There were days when TJ Hobbs worked from 6 a.m. to 10 p.m, sometimes holding down three jobs at once.

What You Need To Know

  • Neenah location: 160 Curtis Ave., Neenah (open 24 hours daily)

  • Oshkosh location: Wagner Market, 502 N. Main St., Oshkosh (open 24 hours daily)

  • Second Oshkosh location: Bowen Street Repeats, 2837 Bowen St., Oshkosh (open noon-5 p.m. Wednesday-Friday, 9 a.m.-4 p.m. Saturday)

  • For guidelines on donating food or to get involved, visit their website

Even so, it wasn’t enough. Not enough, after all the bills and rent were paid, to put food on the table.

“I’ll never forget the day I came home at 10 p.m. and I got in the shower and just cried,” said Hobbs, who identifies as they/them. “Realizing, ‘Oh my God, I have to do this again tomorrow and I still can’t pay for my life. Like, how much harder can I work?’

“I felt like there wasn’t really a way out of this and even if there were resources available locally, they were nine-to-five resources. And what a joke, to me, for someone working from before they open to after they close. I couldn’t have gotten in unless I worked less hours, and there was no way I would work less hours if they were available because I know I needed every hour of work that I could get. So absolute hopelessness is how it felt. And I felt trapped, and I felt like I was doing everything right, but I still couldn’t. I just couldn’t make it all work.”

One of the Hope Fridge setups behind Wagner Market in Oshkosh. (UW-Oshkosh)

Today the native of New Holstein and graduate of UW-Oshkosh is working to ensure others will not have to endure what she did.

In 2021, Hobbs and a group of like-minded volunteers started Hope Fridge in Neenah, the first community food and hygiene program of its kind in the Fox Valley. They have since added two locations in Oshkosh. It’s a community-run mutual aid project that requires no paperwork.

Each location has a refrigerator and wooden shelter for hygiene products. Volunteers staff the locations, two of which are open 24 hours a day.

“The whole concept of the fridge is, you know where it is, and you’re hungry, by all means, please, if it’s in the fridge, take it,’’ said Lukas Shelton, one of the volunteers. “If there are three gallons of milk and you have five kids at home and you know you go through three gallons of milk, by all means, take it. The concern is if you need food, take it. No questions asked, no obligations. We don’t need to know your name. We don’t need to know how much food you’re taking. As a consumer of the Hope Fridge, your judgment is the best.’’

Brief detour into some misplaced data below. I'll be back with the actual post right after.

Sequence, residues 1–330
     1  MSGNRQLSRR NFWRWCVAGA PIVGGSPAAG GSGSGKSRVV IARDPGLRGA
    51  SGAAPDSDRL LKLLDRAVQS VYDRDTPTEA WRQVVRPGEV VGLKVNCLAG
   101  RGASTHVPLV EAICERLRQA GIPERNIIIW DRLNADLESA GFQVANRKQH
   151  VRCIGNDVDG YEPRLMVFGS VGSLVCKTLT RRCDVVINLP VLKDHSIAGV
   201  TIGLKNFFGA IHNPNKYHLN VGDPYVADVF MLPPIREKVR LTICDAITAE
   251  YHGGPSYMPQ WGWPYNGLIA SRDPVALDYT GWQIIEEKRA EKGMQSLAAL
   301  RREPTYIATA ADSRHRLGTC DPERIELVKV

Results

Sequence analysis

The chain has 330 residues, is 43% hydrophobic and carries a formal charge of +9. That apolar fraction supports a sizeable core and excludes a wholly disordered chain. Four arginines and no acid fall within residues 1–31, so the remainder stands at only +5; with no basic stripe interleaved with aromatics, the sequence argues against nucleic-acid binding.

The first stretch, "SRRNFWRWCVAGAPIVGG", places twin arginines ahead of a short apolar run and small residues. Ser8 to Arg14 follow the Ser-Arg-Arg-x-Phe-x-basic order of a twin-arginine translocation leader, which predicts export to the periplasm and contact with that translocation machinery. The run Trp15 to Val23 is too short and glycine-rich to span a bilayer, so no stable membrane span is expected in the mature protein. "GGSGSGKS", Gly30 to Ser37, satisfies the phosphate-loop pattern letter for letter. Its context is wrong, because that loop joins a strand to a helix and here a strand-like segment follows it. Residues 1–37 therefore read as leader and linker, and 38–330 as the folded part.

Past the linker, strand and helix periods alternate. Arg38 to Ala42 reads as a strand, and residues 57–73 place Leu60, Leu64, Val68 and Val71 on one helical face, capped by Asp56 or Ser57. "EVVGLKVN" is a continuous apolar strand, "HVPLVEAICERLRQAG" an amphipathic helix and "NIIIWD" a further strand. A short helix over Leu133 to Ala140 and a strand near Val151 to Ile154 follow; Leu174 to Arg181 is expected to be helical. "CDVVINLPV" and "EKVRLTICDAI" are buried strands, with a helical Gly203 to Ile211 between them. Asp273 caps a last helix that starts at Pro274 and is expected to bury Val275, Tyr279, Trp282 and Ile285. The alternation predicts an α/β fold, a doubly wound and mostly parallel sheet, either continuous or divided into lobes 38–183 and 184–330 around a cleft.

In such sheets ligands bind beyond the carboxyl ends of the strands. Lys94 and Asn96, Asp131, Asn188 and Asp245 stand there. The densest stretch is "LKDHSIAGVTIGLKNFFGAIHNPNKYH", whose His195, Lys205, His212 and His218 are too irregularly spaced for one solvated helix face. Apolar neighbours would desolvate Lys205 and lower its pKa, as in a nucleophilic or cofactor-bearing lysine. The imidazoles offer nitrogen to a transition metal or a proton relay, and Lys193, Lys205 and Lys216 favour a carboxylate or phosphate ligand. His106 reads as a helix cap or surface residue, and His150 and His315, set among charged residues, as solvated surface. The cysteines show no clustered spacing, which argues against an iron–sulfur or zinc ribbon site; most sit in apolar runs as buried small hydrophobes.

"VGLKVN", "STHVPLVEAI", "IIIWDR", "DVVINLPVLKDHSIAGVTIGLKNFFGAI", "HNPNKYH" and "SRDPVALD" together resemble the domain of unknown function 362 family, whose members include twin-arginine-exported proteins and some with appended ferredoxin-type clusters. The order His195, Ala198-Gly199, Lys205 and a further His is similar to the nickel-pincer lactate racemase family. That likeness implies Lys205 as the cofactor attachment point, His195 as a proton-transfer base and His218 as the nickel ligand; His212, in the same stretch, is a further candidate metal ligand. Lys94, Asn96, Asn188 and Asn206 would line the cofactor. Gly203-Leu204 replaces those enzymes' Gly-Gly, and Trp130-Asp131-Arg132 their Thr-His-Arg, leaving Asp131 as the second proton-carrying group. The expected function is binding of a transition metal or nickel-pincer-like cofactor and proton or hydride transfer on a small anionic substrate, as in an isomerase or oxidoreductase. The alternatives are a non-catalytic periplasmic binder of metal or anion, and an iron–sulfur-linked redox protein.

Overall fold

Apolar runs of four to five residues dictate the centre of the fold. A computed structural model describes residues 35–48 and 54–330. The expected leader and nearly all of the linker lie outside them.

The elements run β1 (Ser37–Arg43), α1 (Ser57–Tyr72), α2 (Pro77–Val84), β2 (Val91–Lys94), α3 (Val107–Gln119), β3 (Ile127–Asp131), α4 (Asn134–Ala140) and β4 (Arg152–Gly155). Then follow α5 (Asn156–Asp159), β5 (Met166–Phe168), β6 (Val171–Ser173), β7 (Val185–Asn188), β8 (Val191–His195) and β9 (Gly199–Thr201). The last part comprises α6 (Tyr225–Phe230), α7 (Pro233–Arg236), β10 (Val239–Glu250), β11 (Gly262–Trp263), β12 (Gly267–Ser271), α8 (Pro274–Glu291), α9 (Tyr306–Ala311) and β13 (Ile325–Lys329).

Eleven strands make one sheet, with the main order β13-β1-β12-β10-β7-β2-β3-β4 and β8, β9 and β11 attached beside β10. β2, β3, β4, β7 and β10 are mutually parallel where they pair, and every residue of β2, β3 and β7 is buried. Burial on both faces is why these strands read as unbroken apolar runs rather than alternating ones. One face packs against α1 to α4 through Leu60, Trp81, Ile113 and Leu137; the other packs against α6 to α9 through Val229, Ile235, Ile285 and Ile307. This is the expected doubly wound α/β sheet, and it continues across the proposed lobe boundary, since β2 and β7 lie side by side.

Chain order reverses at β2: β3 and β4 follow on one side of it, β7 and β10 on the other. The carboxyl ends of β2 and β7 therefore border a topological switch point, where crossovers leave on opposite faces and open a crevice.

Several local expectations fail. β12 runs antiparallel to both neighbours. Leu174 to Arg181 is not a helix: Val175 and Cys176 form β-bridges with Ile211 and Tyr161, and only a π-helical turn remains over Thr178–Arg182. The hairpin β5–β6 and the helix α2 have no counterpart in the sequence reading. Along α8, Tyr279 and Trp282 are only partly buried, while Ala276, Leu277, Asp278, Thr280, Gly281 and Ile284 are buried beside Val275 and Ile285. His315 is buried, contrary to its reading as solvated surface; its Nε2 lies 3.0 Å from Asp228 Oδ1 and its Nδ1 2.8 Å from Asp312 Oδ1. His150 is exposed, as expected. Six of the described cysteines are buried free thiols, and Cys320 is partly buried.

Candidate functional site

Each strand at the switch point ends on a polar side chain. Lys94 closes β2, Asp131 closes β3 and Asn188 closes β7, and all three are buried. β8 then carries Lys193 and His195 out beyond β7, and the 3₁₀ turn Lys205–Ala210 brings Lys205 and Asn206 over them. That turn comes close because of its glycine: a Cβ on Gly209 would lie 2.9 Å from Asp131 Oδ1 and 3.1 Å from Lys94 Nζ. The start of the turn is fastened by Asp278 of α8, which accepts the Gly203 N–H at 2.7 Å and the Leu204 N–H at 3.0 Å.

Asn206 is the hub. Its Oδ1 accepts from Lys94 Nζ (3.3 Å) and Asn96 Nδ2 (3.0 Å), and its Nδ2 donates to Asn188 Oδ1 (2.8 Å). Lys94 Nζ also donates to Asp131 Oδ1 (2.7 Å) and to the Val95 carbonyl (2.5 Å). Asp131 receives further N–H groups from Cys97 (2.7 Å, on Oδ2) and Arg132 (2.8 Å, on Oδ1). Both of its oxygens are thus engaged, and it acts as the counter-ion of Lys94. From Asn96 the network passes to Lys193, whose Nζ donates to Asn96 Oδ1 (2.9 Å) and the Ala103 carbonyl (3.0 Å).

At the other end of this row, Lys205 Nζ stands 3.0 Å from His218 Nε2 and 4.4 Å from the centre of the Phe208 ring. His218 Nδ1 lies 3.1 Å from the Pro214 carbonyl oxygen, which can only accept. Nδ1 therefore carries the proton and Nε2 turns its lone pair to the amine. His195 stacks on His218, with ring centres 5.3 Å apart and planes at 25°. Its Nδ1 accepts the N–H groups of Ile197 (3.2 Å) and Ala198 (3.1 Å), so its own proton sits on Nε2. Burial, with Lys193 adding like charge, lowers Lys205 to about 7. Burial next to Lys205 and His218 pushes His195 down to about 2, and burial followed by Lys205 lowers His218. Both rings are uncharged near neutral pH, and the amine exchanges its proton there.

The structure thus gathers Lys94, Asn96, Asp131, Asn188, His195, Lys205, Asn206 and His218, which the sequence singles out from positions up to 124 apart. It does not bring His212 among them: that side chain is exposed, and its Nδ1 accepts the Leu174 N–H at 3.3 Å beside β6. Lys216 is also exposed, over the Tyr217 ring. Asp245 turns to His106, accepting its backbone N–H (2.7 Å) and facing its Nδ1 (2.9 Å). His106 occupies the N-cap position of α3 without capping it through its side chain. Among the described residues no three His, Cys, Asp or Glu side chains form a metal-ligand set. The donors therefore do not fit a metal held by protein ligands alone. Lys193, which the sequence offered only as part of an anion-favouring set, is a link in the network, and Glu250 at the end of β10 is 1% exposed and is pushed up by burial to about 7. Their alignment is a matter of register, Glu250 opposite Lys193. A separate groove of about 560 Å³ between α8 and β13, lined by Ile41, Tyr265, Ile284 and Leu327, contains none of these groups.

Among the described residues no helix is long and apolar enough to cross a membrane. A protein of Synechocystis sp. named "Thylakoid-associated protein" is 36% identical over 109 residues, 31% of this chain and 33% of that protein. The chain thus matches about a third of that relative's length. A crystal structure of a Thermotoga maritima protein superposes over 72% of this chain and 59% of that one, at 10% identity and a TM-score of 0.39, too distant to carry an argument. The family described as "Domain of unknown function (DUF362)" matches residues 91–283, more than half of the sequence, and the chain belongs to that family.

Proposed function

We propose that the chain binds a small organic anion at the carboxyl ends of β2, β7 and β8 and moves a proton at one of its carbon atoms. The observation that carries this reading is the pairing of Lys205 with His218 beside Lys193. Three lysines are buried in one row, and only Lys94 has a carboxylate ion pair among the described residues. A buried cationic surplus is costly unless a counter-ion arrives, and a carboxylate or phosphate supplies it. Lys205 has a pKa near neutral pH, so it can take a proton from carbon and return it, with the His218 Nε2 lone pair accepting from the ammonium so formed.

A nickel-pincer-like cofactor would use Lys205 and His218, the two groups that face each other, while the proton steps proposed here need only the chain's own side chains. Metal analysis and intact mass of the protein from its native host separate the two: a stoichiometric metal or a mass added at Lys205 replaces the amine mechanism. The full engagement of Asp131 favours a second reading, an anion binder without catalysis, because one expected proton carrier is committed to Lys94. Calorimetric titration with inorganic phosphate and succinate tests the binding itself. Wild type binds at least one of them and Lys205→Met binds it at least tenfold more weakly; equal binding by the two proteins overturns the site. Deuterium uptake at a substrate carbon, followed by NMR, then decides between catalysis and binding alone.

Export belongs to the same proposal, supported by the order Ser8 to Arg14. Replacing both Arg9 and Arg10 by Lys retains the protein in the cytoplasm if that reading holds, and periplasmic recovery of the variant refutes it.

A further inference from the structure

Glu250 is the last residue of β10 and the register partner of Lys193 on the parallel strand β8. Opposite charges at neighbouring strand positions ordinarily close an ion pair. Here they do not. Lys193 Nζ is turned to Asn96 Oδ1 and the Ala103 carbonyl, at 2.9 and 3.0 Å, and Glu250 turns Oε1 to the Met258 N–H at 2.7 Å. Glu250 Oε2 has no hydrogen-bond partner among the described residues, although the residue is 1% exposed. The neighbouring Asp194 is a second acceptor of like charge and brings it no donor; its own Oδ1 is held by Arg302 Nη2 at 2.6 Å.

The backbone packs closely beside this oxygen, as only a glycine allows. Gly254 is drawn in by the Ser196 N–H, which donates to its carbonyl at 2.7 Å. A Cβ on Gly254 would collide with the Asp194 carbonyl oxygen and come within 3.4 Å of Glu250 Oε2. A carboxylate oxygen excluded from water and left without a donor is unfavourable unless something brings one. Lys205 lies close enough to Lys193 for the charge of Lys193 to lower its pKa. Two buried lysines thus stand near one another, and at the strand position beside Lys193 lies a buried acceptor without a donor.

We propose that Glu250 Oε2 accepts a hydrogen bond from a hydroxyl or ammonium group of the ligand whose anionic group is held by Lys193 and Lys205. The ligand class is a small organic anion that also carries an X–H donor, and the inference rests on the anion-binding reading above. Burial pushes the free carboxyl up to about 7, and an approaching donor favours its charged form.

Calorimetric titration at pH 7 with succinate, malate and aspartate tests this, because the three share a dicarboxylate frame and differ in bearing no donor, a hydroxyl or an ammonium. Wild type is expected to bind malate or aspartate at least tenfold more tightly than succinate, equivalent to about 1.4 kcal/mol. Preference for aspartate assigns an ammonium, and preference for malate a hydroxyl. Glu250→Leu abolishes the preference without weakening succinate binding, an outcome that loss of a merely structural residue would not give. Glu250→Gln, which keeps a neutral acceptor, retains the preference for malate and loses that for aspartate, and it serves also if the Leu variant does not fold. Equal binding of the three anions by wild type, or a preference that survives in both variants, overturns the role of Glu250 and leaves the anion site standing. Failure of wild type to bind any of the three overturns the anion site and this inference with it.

Hope Fridge functions like a nonprofit but is not a 501(c) 3 organization. It is partnered with the nonprofit Open Collective Foundation, which serves as its bank account and publicly manages its finances. This partnership enables all donations to be tax deductible.

A look inside the Hope Fridge setup behind Wagner Market in Oshkosh. (UW-Oshkosh)

Hobbs learned of the idea from a friend on social media when she and her husband, Bowen, lived in California. When they moved back to Oshkosh, Hobbs contacted the people who run the Love Fridge in Chicago.

“And so our Hope Fridge build plans were inspired, literally, by the plans that were emailed to me by the Love Fridge in Chicago,’’ Hobbs said.

While Hope Fridge has received $16,000 in donations, Hobbs said over 90% of the donations they receive are from people who buy a little extra when they shop and then stop by a fridge and drop it off.

“I’ll tell you, Wagner Market (in Oshkosh), anytime a delivery happens, it’s not in there more than an hour, typically,’’ said Hobbs. “The need is so great is this area that anything folks can do to help, if you pop it in that fridge, it will get to people in your local community.”

Shelton said metrics have shown Hope Fridge has been used by 3,200 people.

“So it really is a community-oriented thing,’’ he said. “It’s not just us by ourselves. To me, it’s no longer just a group of people trying to figure out how to feed our neighbors. Quickly and quietly, we’re growing into a community taking care of itself.”

Few could understand the importance of this better than Shelton, who was homeless for two years.

“I was living in a parking ramp in the Appleton area and eating out of dumpsters and garbage cans,’’ he said. “Obviously, my concerns were when and where and what am I going to eat? When and where and how am I going to sleep?"

“When it came time to the discussion for Hope Fridge, I was absolutely 150% behind it. I feel like a program like that, at a time where I needed something like that, would have been a godsend.”

Hobbs acknowledges Hope Fridge is a Band-Aid on a larger systemic problem, but is happy to provide that Band-Aid.

“It’s just being able to lay my head on the pillow at night knowing that I’ve tried to help and done the best I could,’’ Hobbs said. “It’s hard to go through that trauma and not want other people to never have to experience that, because it’s hell. It’s just hard. And it’s beyond hard.

“You know, it’s just living in it and realizing, ‘Oh, gosh, nobody’s coming to save us. Nobody cares.’ Other than us. Like, we have us. We care about us and we have to care about each other. Otherwise, things just aren’t gonna get better.”


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